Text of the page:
Different Teaching Approaches by João Silvestre - Profesor de inglés - Barcelona

João Silvestre

Profesor de inglés


Different Teaching Approaches

I believe every teacher has his own method to teach, a different way to approach students in order to achieve the acknowledgement in the best way possible. This teaching method always depends on what fits with each person (educational philosophy, classroom demographic, subject area(s) and school mission statement) and it refers the general principles, pedagogy and management strategies used for classroom instruction.

With an emphasis on 21st century skills, teaching approaches have begun to take different shapes that cater to specific aspects of student learning. Because of the influence on 21st Century skills and technology, teaching theories can be organized into four categories: teacher- centered, student or leaner- centered, constructivists or inquiry based learning, and collaborative learning.

Advancements in technology have transformed the education sector in the last few decades. Many educators use computers and tablets in the classroom, and others may use the internet to assign homework. The internet is also beneficial in a classroom setting as it provides unlimited resources. Teachers may also use the internet in order to connect their students with people from around the world. In other hand, a more traditional low tech approach is still very used actually, as some learning styles require a physical presence and interaction between the teacher and the student. Some research has shown that low-tech classrooms may boost learning. For example, students who take handwritten notes have better recall than students who take typed notes. Ultimately, tailoring the learning experience to different types of learners is incredibly important, and sometimes students work better with a low-tech approach.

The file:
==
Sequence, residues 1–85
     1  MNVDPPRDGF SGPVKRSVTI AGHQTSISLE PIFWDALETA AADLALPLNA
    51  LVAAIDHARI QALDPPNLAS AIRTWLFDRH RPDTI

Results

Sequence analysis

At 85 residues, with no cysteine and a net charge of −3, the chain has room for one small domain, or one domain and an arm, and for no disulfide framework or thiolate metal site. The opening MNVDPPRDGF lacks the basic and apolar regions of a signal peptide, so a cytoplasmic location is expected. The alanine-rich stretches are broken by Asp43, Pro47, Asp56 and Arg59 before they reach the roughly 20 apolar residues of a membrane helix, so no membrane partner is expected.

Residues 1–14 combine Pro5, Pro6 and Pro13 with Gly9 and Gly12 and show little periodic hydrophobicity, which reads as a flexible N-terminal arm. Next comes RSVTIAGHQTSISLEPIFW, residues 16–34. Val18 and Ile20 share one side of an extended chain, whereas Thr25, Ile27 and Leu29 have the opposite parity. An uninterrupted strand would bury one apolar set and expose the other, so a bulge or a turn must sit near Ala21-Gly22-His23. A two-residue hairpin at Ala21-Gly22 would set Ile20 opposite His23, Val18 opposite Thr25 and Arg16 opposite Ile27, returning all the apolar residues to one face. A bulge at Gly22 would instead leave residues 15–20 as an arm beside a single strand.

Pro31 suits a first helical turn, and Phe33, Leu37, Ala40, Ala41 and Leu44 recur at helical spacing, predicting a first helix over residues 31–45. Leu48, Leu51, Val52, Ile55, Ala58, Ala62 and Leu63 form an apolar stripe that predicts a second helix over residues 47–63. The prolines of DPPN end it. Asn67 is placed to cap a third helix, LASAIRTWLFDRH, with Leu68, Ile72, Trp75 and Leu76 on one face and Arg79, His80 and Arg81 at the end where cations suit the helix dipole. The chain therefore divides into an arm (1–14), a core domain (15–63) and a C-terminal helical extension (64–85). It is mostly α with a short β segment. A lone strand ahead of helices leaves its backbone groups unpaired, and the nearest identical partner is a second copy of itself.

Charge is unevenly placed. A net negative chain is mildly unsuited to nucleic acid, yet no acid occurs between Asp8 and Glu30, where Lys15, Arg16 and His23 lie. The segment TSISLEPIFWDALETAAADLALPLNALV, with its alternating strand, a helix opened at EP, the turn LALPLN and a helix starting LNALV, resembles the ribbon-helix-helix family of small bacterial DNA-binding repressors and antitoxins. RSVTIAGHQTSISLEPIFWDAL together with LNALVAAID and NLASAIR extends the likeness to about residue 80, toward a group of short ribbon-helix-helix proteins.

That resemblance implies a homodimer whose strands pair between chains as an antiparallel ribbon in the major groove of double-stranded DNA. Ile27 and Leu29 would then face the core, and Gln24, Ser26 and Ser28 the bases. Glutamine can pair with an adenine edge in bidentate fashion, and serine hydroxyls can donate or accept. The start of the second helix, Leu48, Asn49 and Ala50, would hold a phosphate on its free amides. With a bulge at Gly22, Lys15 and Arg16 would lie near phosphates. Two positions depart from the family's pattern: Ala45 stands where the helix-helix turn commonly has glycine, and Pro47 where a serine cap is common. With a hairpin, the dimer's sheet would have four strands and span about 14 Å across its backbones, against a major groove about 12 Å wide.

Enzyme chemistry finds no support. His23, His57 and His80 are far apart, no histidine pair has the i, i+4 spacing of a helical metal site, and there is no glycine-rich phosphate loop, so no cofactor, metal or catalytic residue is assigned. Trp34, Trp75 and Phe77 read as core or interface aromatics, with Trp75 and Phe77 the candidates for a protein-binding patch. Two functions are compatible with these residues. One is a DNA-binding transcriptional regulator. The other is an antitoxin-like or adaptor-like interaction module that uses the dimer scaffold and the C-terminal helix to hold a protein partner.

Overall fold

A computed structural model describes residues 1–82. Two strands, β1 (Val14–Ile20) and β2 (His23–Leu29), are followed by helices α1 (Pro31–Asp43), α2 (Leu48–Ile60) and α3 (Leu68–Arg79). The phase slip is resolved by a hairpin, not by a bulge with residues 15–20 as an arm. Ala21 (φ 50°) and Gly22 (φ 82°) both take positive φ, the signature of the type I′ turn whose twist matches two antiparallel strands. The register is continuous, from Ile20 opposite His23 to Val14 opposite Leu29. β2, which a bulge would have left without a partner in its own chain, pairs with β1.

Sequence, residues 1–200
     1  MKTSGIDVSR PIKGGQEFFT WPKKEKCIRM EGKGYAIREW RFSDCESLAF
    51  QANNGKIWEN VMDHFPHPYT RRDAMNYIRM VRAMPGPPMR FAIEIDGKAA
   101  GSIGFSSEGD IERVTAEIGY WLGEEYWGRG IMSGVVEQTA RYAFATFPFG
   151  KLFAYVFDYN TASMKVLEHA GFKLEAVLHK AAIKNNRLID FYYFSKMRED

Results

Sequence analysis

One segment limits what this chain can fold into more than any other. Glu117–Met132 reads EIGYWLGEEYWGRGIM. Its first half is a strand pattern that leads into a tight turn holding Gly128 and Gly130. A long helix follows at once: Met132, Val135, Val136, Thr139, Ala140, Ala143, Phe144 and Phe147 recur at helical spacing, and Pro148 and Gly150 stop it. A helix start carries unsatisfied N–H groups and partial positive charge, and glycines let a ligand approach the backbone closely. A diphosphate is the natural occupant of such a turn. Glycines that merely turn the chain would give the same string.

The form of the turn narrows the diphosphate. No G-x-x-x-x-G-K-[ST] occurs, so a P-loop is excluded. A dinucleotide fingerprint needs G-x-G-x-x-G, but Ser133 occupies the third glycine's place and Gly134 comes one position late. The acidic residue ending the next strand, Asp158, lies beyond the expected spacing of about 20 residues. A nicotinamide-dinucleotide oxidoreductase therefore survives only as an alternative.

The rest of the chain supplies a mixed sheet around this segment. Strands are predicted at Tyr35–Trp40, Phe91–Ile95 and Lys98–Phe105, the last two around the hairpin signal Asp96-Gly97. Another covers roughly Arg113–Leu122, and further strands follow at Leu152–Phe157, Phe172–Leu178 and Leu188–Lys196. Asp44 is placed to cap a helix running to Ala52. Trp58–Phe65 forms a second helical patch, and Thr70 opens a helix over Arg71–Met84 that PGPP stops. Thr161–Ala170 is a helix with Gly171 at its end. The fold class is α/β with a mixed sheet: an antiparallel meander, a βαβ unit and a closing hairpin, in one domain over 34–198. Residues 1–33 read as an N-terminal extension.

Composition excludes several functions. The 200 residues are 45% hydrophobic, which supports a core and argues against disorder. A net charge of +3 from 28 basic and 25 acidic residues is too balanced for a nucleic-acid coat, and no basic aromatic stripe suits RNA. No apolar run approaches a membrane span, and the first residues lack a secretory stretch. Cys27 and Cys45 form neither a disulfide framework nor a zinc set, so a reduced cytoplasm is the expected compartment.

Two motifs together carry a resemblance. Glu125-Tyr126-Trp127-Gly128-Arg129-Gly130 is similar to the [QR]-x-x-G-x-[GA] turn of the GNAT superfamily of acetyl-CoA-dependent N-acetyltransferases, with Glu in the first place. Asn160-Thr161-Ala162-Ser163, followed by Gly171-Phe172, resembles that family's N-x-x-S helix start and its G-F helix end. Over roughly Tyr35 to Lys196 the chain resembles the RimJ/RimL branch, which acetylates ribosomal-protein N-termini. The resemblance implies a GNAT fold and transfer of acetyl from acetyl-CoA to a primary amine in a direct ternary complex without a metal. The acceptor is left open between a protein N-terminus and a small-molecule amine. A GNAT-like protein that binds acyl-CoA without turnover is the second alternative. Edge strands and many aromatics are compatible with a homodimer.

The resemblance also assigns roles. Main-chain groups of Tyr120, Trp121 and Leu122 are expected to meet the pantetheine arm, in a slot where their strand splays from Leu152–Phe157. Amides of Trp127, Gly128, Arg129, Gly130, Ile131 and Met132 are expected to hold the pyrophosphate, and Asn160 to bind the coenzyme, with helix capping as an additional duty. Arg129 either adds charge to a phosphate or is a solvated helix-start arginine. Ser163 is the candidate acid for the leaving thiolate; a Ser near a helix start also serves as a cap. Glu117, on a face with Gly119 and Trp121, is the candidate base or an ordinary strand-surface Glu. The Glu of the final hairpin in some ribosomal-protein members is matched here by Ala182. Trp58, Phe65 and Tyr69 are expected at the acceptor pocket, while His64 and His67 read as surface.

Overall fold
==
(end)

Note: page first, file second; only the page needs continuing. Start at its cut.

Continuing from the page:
The teacher-centered approach, taken to its most extreme interpretation, makes teachers the main authority figure and the students are viewed as ‘empty vessels’ who passively receive knowledge from their teachers through lectures and direct instruction, with an end goal of positive results from testing and assessment. In this style, teaching and assessment are viewed as two separate entities and student learning is measured through objectively scored tests and assessments. I’m not very fond of this method to be honest.

As I said firstly, matching the teaching method with personal abilities and/or features is a crucial point. My personal features are more related to a student-centered approach, while teachers are still an authority figure but play with the student an equally active role in the learning process. The primary role is to coach and facilitate student learning and overall comprehension of material, and to measure student learning through both formal and informal forms of assessment, like group projects, student portfolios, and class participation. In the student-centered classroom, teaching and assessment are connected because student learning is continuously measured during teacher instruction.

Personally, I prefer to teach under an interactive/constructivist approach, where the students are encouraged to interact with me, the teacher, and with each other, promoting dialogues and increasing the most the ‘student talk’ rather than the ‘teacher talk’. With this, they are expected to construct knowledge and meaning out for what they are taught by connecting them to prior experience.
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